Irish Poet, Playwright
"But what is Whiggery? A leveling, rancorous, rational sort of mind that never looked out of the eye of a saint or out of a drunkard's eye."
"By the Hospital Lane goes the 'Faeries Path.' Every evening they travel from the hill to the sea, from the sea to the hill. At the sea end of their path stands a cottage. One night Mrs. Arbunathy, who lived there, left her door open, as she was expecting her son. Her husband was asleep by the fire; a tall man came in and sat beside him. After he had been sitting there for a while, the woman said, 'In the name of God, who are you?' He got up and went out, saying, 'Never leave the door open at this hour, or evil may come to you.' She woke her husband and told him. 'One of the good people has been with us,' said he."
"Chance and Destiny have between them woven two-thirds of all history, and of the history of Ireland well-nigh the whole. The literature of a nation, on the other hand, is spun out of its heart. If you would know Ireland - body and soul - you must read its poems and stories. They came into existence to please nobody but the people of Ireland. Government did not make them on the one hand, nor bad seasons on the other. They are Ireland talking to herself."
"Choose your companions from the best; who draws a bucket with the rest soon topples down the hill."
"Children play at being great and wonderful people, at the ambitions they will put away for one reason or another before they grow into ordinary men and women. Mankind as a whole had a like dream once; everybody and nobody built up the dream bit by bit, and the ancient story-tellers are there to make us remember what mankind would have been like, had not fear and the failing will and the laws of nature tripped up its heels. The Fianna and their like are themselves so full of power, and they are set in a world so fluctuating and dream-like, that nothing can hold them from being all that the heart desires."
"Come away, O human child! To the waters and the wild With a faery, hand in hand, for the world's more full of weeping than you can understand."
"Come fairies, take me out of this dull world, for I would ride with you upon the wind and dance upon the mountains like a flame!"
"Come let us mock at the great that had such burdens on the mind and toiled so hard and late to leave some monument behind, nor thought of the leveling wind."
"Come let us mock at the good that fancied goodness might be gay, and sick of solitude might proclaim a holiday: wind shrieked? and where are they?"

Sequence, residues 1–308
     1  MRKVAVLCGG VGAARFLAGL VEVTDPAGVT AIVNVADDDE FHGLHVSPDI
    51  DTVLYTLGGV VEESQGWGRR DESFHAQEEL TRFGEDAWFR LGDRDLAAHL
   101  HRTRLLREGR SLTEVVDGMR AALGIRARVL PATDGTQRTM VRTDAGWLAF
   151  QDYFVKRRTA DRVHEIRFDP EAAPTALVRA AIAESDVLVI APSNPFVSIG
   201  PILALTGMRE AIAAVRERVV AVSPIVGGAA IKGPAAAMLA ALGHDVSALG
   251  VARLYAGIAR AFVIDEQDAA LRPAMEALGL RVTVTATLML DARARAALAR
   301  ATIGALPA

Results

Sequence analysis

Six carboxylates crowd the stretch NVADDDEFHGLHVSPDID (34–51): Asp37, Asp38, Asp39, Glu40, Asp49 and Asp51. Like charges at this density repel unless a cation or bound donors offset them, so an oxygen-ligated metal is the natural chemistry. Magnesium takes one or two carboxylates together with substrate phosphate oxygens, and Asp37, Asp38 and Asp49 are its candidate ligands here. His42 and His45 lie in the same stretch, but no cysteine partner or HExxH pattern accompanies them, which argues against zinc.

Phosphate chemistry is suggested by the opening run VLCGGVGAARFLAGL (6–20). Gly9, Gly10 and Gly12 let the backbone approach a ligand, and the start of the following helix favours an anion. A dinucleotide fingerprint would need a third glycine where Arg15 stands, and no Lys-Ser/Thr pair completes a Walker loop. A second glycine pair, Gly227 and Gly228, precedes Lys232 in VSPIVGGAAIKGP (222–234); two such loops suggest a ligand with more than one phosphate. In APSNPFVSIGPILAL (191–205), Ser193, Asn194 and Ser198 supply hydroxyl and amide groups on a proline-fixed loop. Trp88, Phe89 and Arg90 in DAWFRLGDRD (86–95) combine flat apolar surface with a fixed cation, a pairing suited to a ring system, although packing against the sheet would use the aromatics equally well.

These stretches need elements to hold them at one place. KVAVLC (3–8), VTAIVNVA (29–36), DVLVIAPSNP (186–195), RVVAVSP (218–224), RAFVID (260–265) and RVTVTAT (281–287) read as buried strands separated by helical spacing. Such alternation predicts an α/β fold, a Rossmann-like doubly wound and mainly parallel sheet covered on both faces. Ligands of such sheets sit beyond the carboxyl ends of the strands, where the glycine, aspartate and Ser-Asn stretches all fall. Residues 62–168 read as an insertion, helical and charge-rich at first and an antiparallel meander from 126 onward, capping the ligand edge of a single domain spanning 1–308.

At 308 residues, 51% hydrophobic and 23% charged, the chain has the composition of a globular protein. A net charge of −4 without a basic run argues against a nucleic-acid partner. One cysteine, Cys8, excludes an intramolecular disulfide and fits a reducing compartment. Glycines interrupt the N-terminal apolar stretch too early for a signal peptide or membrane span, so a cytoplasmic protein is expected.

"Come near, come near, come near ? Ah, leave me still a little space for the rose-breath to fill! Lest I no more hear common things that crave; the weak worm hiding down in its small cave, the field-mouse running by me in the grass, and heavy mortal hopes that toil and pass; but seek alone to hear the strange things said by God to the bright hearts of those long dead, And learn to chant a tongue men do not know. Come near; I would, before my time to go, Sing of old Eire and the ancient ways: Red Rose, proud Rose, sad Rose of all my days."
"Consume my heart away; sick with desire and fastened to a dying animal it knows not what it is; and gather me into the artifice of eternity."
"Come let us mock at the wise; with all those calendars whereon they fixed old aching eyes, they never saw how seasons run, and now but gape at the sun."
"Come near, that no more blinded by man?s fate, I find under the boughs of love and hate, in all poor foolish things that live a day, eternal beauty wandering on her way."
"Designs in connection with postage stamps and coinage may be described, I think, as the silent ambassadors on national taste."
"Down by the salley gardens my love and I did meet; she passed the salley gardens with little snow-white feet. She bid me take love easy, as the leaves grow on the tree; but I, being young and foolish, with her would not agree. In a field by the river my love and I did stand, and on my leaning shoulder she laid her snow-white hand. She bid me take life easy, as the grass grows on the weirs; but I was young and foolish, and now am full of tears."
"Down the mountain walls from where pan?s cavern is intolerable music falls. Foul goat-head, brutal arm appear, belly, shoulder, bum, flash fishlike; nymphs and satyrs copulate in the foam."
"Dream, dream, for this is also sooth. How many loved your moments of glad grace, and loved your beauty with love false or true, but one man loved the pilgrim soul in you, and loved the sorrows of your changing face."
"Dream, like a shadow of a shadow, and I knew by an understanding born from a deeper fountain than thought."